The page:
Jan 24, 2011
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Swatch Group upbeat on 2011 despite strong franc

Jan 24, 2011

Jan 19 - Swatch Group, the world's largest watchmaker, expects another record year in 2011 as buoyant demand for its timepieces and price increases should help it offset the soaring Swiss franc.

swatch group
Limited edition Swatch watch

Swatch Group, best known for its colorful Swatch watches, has already seen double-digit sales growth so far this year in local currencies.

Chief Executive Nick Hayek sees more growth in 2011 but exchange rate fluctuations made it hard to predict how big the gains would be, he told Reuters in an interview.

"Because of the Swiss franc we cannot tell you if it will be a double-digit growth throughout the whole year in Swiss francs also or if it will be a single-digit growth, but there will be growth," Hayek said.

At 1257 GMT, Swatch's shares were trading 3.2 percent lower, giving up earlier gains, which made them one of the biggest fallers in the FTSE Eurofirst 300 index.

Traders said investors were booking profits after the shares had risen nearly 60 percent last year.

Rival Richemont's shares were down 3.2 percent, while the European sector index was down 1.7 percent.

Demand for luxury watches from consumers in Asia, Central Europe and the Middle East helped Swatch Group notch up sales of 6.4 billion francs in 2010, making it another record year.

"The group's top-line growth has again exceeded our expectations, and even more so, market consensus," Helvea analyst Alessandro Migliorini said.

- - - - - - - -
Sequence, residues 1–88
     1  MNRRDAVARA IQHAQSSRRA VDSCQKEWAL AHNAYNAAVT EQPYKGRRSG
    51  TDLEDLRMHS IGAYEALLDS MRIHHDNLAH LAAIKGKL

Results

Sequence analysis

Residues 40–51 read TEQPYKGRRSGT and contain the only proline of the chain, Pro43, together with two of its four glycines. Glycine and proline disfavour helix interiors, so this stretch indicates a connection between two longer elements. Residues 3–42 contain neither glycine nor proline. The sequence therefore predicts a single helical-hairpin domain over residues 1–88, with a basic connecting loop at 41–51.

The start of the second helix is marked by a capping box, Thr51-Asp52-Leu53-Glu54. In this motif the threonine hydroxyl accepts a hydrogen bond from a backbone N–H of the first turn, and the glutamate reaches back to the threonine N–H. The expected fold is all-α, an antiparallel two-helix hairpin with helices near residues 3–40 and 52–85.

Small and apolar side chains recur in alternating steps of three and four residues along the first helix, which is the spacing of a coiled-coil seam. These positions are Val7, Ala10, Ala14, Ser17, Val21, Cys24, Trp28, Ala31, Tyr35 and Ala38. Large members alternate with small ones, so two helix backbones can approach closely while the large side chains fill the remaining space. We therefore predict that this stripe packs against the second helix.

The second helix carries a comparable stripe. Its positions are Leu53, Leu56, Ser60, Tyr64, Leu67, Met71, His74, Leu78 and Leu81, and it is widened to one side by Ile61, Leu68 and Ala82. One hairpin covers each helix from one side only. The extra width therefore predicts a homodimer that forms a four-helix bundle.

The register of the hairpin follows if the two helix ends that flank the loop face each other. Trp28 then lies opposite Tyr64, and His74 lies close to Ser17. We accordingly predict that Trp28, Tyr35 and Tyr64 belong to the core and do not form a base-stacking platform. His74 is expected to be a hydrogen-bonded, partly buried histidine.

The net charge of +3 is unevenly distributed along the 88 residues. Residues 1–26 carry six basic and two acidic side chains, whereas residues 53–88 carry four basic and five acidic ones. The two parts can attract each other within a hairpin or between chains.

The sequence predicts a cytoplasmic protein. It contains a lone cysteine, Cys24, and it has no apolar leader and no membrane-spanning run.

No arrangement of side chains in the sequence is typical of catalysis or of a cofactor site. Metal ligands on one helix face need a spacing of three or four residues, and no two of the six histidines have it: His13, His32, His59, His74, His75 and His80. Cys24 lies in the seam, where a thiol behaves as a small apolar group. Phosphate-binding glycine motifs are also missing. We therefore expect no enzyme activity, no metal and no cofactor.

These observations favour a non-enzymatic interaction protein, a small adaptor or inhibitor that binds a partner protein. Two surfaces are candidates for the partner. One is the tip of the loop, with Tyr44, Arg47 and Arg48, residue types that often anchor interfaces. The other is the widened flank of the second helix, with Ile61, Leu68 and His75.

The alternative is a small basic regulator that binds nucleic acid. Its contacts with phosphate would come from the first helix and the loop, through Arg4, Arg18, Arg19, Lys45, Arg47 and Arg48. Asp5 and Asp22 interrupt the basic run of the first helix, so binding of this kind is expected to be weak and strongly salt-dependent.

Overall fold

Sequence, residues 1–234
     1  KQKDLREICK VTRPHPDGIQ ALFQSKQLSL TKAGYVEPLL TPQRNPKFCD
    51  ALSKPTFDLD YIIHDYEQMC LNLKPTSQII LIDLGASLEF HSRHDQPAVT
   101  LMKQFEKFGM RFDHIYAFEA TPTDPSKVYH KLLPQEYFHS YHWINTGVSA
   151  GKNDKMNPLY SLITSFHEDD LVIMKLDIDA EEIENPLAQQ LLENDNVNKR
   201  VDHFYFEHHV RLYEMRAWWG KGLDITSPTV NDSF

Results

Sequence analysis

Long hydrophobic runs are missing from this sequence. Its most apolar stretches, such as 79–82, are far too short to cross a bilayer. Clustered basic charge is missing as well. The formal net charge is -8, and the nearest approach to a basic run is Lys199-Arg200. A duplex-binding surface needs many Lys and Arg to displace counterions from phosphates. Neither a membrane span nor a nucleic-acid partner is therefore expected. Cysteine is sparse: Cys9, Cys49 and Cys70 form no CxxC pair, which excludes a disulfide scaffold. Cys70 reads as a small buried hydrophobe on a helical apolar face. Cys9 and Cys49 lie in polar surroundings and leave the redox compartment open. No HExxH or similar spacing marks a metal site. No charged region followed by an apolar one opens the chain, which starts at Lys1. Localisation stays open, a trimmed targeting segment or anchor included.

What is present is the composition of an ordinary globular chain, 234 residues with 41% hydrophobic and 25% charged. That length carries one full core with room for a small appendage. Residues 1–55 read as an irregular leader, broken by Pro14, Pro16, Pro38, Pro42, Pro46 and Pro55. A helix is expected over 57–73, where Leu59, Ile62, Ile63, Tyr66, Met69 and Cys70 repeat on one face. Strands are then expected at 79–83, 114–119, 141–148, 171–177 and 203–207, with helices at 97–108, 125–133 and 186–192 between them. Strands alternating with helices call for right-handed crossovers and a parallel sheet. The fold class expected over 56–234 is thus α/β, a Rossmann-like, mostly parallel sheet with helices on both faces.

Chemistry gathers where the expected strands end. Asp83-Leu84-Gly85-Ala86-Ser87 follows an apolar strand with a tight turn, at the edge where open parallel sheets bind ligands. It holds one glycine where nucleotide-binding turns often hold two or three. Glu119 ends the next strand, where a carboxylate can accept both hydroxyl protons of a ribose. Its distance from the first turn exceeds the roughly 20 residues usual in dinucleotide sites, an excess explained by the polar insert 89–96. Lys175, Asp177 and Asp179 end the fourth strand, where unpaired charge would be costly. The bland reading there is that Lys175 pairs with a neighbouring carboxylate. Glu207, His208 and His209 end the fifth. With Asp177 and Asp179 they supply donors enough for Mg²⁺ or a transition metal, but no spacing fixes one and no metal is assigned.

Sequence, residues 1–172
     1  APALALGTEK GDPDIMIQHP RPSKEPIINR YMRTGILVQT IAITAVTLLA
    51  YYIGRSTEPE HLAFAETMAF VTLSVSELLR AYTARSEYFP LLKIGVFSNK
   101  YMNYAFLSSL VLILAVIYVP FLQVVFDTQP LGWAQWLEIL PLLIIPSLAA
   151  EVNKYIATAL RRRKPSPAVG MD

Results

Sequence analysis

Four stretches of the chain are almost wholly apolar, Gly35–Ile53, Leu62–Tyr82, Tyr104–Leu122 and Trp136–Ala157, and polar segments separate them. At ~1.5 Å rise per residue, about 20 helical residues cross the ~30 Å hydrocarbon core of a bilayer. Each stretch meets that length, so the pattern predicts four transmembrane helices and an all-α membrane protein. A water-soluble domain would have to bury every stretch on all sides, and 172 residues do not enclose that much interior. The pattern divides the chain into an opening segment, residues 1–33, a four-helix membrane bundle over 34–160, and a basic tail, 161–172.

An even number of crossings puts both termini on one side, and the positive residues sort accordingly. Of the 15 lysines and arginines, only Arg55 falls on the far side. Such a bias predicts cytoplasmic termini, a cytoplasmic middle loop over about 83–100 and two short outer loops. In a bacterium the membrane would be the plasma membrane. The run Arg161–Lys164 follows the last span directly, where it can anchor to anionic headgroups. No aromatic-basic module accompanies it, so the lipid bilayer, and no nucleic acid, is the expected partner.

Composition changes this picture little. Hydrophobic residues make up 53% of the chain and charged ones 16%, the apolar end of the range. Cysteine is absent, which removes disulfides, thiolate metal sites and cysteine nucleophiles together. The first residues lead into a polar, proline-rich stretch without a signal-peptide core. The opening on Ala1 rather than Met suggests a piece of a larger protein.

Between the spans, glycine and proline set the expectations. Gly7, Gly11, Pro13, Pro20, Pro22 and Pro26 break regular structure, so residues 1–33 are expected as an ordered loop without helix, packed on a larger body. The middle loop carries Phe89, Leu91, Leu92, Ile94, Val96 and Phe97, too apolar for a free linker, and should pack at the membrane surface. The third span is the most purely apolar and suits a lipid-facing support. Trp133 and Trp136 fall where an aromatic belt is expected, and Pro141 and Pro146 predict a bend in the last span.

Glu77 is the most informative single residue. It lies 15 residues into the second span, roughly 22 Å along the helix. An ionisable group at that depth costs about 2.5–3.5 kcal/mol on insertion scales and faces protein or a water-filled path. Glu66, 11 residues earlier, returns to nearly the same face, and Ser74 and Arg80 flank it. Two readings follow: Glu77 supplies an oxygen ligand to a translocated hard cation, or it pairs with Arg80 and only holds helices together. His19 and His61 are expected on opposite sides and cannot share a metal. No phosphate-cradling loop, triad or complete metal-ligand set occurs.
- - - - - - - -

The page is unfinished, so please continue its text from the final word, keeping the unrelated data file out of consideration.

"The group continues to grow at an excellent pace, and although currencies are a headache, they do not represent an insurmountable problem," Migliorini said.

China's appetite for expensive watches has helped the luxury watch industry to recover quickly from its worst slump in decades. Other luxury groups, such as Richemont, Tiffany and Burberry have also seen strong sales.


Hayek said the group had seen very strong demand in European countries, such as France, Germany, Britain and Switzerland as well as in the United States, where its Swatch and Omega brands had proven particularly popular. But he said Asia was still the strongest growth driver.

Swatch Group is now looking to boost capacity to deal with its backlog issues, Hayek said, adding that there are now waiting lists for Omega's Ladymatic watch.

"We produce as much as we can. We cannot cope with this demand immediately," Hayek said. "We have to move quickly. Because of the backlog we were not able to build up stocks before Christmas."


Swatch Group, which released its full-year sales figures unexpectedly on Wednesday, said it also sees a rise in net income and profitability compared to 2009. It is due to post full-year results in February.

The appreciation in the Swiss franc shaved off 3 percentage points on sales growth.
The company, which also owns higher-end brands such as Breguet, Blancpain and Omega, will increase prices and improve its manufacturing processes to combat the strong franc and higher gold prices, Hayek said.

Jewelers and watchmakers Cartier, Montblanc and Audemars Piguet have also signaled they are preparing for price increases this year.

"We will certainly adapt prices for certain brands. We have to do it," Hayek said, adding it was easier to raise prices for watches in the more expensive price categories.

Prices will go up first in Europe and the United States, starting with the brands in the price ranges from Longines upwards, Hayek said.

Hayek said Swatch Group's priority remained gaining more market share rather than short-term profits.

By Katie Reid and Silke Koltrowitz
(Editing by Jane Merriman)

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